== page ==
“In 1995, the Scott family attended a basketball team reunion. At every turn, photographs depicted Charlie Scott, the sole black player, surrounded by his white teammates. Shaun, 4, stood with his 6-year-old sister Simone, staring at a team photo. He had one burning question.

“‘Which one’s Daddy?’

“‘Shaun,’ Simone answered. ‘You know Daddy wears number 33.’

“Their mother let out a laugh and took note. The Scott children didn’t see color. They saw numbers.”

Someday, hopefully, all of us will, like the Scott family, see numbers and not colors.

Until then, we are going to have to keep working to make things better, and keep talking to each other—and listening more.

But, until then, political candidates who want to win should take account of the facts as they are, not just as they should be.


D.G. Martin is hosting his final season of UNC-TV’s North Carolina Bookwatch, which airs Sundays at 5 p.m. For more information or to view prior programs visit the webpage at

This Sunday’s (January 17) guests are John Shelton and Dale Volberg Reed , authors of “Holy Smoke The Big Book of North Carolina Barbecue.”

About “Holy Smoke” from UNC Press:

North Carolina is home to the longest continuous barbecue tradition on the North American mainland. Authoritative, spirited, and opinionated (in the best way), Holy Smoke is a passionate exploration of the lore, recipes, traditions, and people who have helped shape North Carolina's signature slow-food dish.

Three barbecue devotees, John Shelton Reed, Dale Volberg Reed, and William McKinney, trace the origins of North Carolina 'cue and the emergence of the heated rivalry between Eastern and Piedmont styles. They provide detailed instructions for cooking barbecue at home, along with recipes for the traditional array of side dishes that should accompany it. The final section of the book presents some of the people who cook barbecue for a living, recording firsthand what experts say about the past and future of North Carolina barbecue.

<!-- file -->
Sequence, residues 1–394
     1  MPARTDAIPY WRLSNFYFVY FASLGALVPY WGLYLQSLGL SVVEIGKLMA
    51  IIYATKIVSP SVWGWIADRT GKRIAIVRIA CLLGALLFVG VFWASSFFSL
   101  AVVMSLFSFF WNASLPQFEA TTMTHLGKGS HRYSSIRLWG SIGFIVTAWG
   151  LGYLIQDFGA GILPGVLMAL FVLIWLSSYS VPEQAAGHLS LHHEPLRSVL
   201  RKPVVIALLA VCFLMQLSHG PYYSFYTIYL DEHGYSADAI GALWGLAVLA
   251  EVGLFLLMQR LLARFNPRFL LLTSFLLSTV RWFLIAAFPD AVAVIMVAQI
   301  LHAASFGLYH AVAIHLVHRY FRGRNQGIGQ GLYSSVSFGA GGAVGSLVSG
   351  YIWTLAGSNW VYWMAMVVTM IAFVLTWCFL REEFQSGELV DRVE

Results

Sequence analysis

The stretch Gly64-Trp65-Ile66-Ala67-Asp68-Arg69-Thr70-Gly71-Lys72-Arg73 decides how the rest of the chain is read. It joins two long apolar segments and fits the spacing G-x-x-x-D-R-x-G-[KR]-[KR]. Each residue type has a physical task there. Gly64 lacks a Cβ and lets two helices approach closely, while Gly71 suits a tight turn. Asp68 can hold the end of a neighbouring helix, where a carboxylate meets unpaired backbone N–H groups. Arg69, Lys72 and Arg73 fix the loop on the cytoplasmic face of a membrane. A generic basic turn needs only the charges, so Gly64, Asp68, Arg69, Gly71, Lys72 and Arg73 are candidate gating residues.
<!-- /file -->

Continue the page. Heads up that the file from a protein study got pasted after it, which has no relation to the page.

Filled with historic and contemporary photographs showing centuries of North Carolina's "barbeculture," as the authors call it, Holy Smoke is one of a kind, offering a comprehensive exploration of the Tar Heel barbecue tradition.

About the Authors

John Shelton Reed and Dale Volberg Reed live in Chapel Hill, North Carolina. Both are members of the Southern Foodways Alliance and the North Carolina Barbecue Society. They have collaborated on other books, including 1001 Things Everyone Should Know about the South and Cornbread Nation 4: The Best of Southern Food Writing. William McKinney founded the Carolina BBQ Society while a student at the University of North Carolina at Chapel Hill. He now lives in Virginia.

Upcoming programs on Sundays at 5pm.

January 24 (encore)
Justin Catanoso
My Cousin the Saint

January 31 (encore)
Todd Johnson
The Sweet By and By

February 7(encore)
Michael Walden
North Carolina in the Connected Age

February 14 (encore)
Barbara Fredrickson

February 21 (encore)
Michael Davis
Street Gang

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Back to the drawing boards on race?